News in South Africa 13th July:

1. Stage 8 load shedding warning:

South Africa’s sudden return to stage 6 load shedding after about a month of day-time suspensions of the rolling blackouts is not really a surprise, say energy experts – and the risk of things escalating remains a possibility.

Stage 8 load shedding warning
Photo by lil artsy

Eskom was forced to return to stage 6 load shedding this week after inclement weather caused a spike in demand for power.

A major cold front swept the nation at the weekend, leading to below-zero temperatures in part of the country and even lead to the rare occurrence of snowfall in Gauteng.

This, in turn, caused a spike in user power demand, from around 30,000MW before the freeze to around 34,000MW after – equivalent to an additional four stages of load shedding.

At the same time, Eskom’s generation capacity has also deteriorated from a relatively consistent 28,000MW to under 27,000MW, adding further pressure to the grid.

In effect, Eskom’s generation shortfall went from around 2,000MW to 7,000MW overnight, necessitating the return to stage 6 load shedding.

On Wednesday (12 June), Eskom said that 6,432MW was shed from the grid. Technically, this is already equivalent to stage 7 load shedding, but the utility is using other mitigation efforts – such as load curtailment, load limiting, etc – to keep national schedules at stage 6.

However, this does not rule out the possibility of outages escalating.

Speaking to the Daily Maverick and Mail & Guardian this week, Eskom noted that stage 8 load shedding or worse is still a possibility, though it remains unlikely. It all depends on supply (keeping units up and running) and demand from users.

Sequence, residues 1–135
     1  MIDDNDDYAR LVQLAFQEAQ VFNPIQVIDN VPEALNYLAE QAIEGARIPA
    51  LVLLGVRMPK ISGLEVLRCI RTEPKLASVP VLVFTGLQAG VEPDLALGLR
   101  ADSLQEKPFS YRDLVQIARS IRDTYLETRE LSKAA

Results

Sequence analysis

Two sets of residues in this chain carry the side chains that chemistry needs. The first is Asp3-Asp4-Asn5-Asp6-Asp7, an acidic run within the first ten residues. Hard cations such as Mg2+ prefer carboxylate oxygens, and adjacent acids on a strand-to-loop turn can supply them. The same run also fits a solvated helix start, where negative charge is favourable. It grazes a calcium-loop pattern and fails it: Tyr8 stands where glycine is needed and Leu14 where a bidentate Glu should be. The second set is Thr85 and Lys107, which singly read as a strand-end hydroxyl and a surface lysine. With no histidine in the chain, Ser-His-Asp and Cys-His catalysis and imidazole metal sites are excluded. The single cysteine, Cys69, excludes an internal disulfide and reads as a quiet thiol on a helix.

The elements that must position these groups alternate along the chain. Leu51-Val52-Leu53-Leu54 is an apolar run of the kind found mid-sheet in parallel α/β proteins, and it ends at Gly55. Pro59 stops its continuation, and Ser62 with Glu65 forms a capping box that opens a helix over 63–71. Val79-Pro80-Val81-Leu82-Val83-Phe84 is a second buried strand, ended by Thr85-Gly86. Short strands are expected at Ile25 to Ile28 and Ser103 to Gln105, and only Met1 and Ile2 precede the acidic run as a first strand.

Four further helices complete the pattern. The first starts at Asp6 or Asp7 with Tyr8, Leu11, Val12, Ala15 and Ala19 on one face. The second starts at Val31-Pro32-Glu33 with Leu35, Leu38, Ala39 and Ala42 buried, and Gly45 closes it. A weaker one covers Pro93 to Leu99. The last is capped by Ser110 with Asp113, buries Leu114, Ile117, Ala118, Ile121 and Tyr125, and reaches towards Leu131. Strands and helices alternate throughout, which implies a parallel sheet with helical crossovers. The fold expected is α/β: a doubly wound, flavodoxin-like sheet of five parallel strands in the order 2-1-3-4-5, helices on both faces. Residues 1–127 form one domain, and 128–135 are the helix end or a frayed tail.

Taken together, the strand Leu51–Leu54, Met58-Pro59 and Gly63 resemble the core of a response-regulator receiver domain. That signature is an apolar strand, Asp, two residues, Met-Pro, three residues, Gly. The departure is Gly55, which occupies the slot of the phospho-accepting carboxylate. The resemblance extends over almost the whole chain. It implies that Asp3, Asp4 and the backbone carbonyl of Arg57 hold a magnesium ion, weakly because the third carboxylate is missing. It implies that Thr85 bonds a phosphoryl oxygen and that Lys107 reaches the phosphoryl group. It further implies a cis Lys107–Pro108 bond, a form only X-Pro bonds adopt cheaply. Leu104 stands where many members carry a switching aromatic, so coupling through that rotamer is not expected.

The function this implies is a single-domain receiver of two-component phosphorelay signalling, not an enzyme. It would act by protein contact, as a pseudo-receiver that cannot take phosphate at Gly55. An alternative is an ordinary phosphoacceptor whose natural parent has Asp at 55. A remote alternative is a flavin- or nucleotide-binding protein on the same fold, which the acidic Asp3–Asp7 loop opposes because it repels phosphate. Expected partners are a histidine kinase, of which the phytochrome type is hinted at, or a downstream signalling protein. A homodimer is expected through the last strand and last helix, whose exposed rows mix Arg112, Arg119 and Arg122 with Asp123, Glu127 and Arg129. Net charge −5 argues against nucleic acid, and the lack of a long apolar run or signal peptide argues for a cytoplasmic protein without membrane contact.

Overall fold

2. Sarb expected to keep rates steady:

South Africa’s Reserve Bank is expected to keep its repo rate unchanged next week as inflation has slowed markedly and will moderate further in coming months as past rate hikes filter through the economy, a Reuters poll of economists found on Thursday.

In a survey conducted July 6-12, 12 of 21 economists said the South African Reserve Bank (Sarb) will keep rates steady at 8.25% on July 20. The remaining nine said rates will be hiked 25 bps.

Economists say financial conditions have tightened enough as the Sarb has added a cumulative 475 basis points since November 2021.

In the US, where monetary policy tends to influence the rest of the world, inflation is slowing rapidly enough to allow the Federal Reserve to stop tightening rates soon although rates there are expected to be hiked at its meeting in two weeks.

“We see little reason for the Sarb to hike its policy rate further from the current 8.25%, with June 2023 inflation likely to have fallen back within the 3%-6% target range, and July inflation potentially below 5.0% on base effects,” wrote Razia Khan at Standard Chartered.

Khan added as inflation falls closer to the midpoint of the target range she sees scope easing to prevent policy from becoming too restrictive.